For the last years I have been trying to reposition my practice into the realms of Resolution Studies. With this move I am trying to uncover where the expectations that lie at the bedrocks of the perceived glitch come from. In my opinion, resolutions should not just be understood as an agreed upon setting or solution, that are set by the actors that have for instance economical or political motivations. In fact, resolutions also inhabit a space of compromise. 
I can illustrate this very simply with an example from the realm of video, which is still stuck within the quadrilateral interface. Because of the video standards, set through resolutions, the history and material of video forecloses anything beyond these four corners. And while resolution studies is closely connected to for instance protocological and material research, it creates space for these other, speculative implementations. 
This is why in 2015 I started the iRD, which consist of institutions that propagate the studies and disputes of resolutions. Through these resolution studies, I aim create an awareness of the compromises set by the resolutions inherent to our media and in doing so, I hope and intend to bring back some form of authorship to the layers of resolution setting. 


Re-writing the Hack

Re-Writing the Hack Award
Last year (21 and 22 November 2015) I took part in Re-writing the Hack, a Women only Hackathon exploring the theme "Industrial and Post Industrial North East England". The hackathon was curated and produced by digital artist Shelly Knotts and curator Suzy O'Hara with support from Victoria Bradbury. It was a very interesting event - I have never worked in an all female environment and this is also likely not to happen again very often, but I really enjoyed the experience.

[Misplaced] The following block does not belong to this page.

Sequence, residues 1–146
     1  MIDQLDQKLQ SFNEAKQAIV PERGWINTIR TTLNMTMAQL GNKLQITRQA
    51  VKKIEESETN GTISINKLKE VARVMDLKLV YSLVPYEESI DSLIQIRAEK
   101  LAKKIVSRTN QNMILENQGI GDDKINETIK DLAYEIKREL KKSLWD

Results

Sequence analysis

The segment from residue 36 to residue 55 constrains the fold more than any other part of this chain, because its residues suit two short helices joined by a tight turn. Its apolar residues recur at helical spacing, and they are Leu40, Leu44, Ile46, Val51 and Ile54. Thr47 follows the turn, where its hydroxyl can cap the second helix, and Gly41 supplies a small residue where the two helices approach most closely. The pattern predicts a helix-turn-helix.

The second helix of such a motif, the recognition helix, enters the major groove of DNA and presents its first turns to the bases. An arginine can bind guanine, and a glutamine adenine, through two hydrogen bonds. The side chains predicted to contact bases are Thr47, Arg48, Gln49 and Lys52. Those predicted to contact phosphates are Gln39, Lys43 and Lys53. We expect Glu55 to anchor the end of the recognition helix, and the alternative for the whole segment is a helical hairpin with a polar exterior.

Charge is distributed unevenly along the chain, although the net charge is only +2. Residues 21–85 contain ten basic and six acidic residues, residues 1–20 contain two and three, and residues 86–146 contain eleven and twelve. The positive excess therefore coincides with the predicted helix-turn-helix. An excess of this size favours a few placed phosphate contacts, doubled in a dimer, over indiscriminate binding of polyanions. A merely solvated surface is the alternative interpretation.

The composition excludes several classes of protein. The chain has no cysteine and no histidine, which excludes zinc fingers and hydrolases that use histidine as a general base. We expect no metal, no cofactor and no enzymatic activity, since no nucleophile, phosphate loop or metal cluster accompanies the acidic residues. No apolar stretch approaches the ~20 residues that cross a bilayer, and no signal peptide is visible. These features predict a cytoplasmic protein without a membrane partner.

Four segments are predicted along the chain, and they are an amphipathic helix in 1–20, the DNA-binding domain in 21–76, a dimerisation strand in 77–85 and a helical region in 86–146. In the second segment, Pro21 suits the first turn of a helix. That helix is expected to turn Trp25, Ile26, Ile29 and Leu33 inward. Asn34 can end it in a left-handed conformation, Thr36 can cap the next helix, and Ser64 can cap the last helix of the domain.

During the last years I edited a lot of artists’ and professors’ biographies. While doing this, I was struck by the difference in choice of words between male and females. For instance: while a ♂-professors’ prestigious achievements often span from (decade to decade), a ♀-professor is more likely to ‘teach her research interests’. 

For this project, Aude Charillon and I worked together on exploring more of the dynamics of this gendered bio-writing and at the end of the 2 days,  we presented our speed project, A Professors’ Vocabulary quiz.

To create the quiz Aude and I scraped biographies from the Northumbria University (a local university), which, at the time, had 91 male professors and 30 female professors in staff. Aude and I collected all words of interests in tables, separated per gender. From some of the most striking cases we build the quiz, which was meant as playful way to create more awareness of the choice of words when writing a biography. 

Here are some of questions
(to understand who wins the usage number, triple the female outcome value) 

Over (as in: « over so many years experience » or « written over [number] articles ») (♂: 64 vs ♀: 8)
Research(…) (♂: 443 vs ♀: 140)
Interest(…) (♂: 122 vs ♀: 636)
Teach(…) (♂: 132 vs ♀: 180) 
Lead  (♂: 49 vs ♀: 10)
Member (♂: 53 vs ♀: 32)
Expert (♂: 39 vs ♀:  9)
Award (♂: 43 vs ♀: 5)
Book, article, citation (♂: 45 vs ♀: 6)

The winners of the Re-writing the Hack bio-vocabulary quiz, won an award, graced with a special, prestigious biography